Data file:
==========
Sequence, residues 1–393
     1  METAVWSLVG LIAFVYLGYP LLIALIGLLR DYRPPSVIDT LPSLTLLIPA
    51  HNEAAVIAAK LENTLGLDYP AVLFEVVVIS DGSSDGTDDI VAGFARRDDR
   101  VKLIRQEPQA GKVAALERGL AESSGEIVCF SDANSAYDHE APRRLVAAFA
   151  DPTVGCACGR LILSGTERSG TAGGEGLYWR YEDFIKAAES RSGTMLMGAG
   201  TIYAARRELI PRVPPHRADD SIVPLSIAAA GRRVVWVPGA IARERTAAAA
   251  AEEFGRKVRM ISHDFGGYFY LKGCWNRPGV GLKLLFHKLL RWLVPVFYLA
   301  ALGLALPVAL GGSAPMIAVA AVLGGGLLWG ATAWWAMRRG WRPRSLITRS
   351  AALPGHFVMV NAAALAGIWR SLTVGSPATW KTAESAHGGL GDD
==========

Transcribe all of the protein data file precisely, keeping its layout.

Sequence, residues 1–393
     1  METAVWSLVG LIAFVYLGYP LLIALIGLLR DYRPPSVIDT LPSLTLLIPA
    51  HNEAAVIAAK LENTLGLDYP AVLFEVVVIS DGSSDGTDDI VAGFARRDDR
   101  VKLIRQEPQA GKVAALERGL AESSGEIVCF SDANSAYDHE APRRLVAAFA
   151  DPTVGCACGR LILSGTERSG TAGGEGLYWR YEDFIKAAES RSGTMLMGAG
   201  TIYAARRELI PRVPPHRADD SIVPLSIAAA GRRVVWVPGA IARERTAAAA
   251  AEEFGRKVRM ISHDFGGYFY LKGCWNRPGV GLKLLFHKLL RWLVPVFYLA
   301  ALGLALPVAL GGSAPMIAVA AVLGGGLLWG ATAWWAMRRG WRPRSLITRS
   351  AALPGHFVMV NAAALAGIWR SLTVGSPATW KTAESAHGGL GDD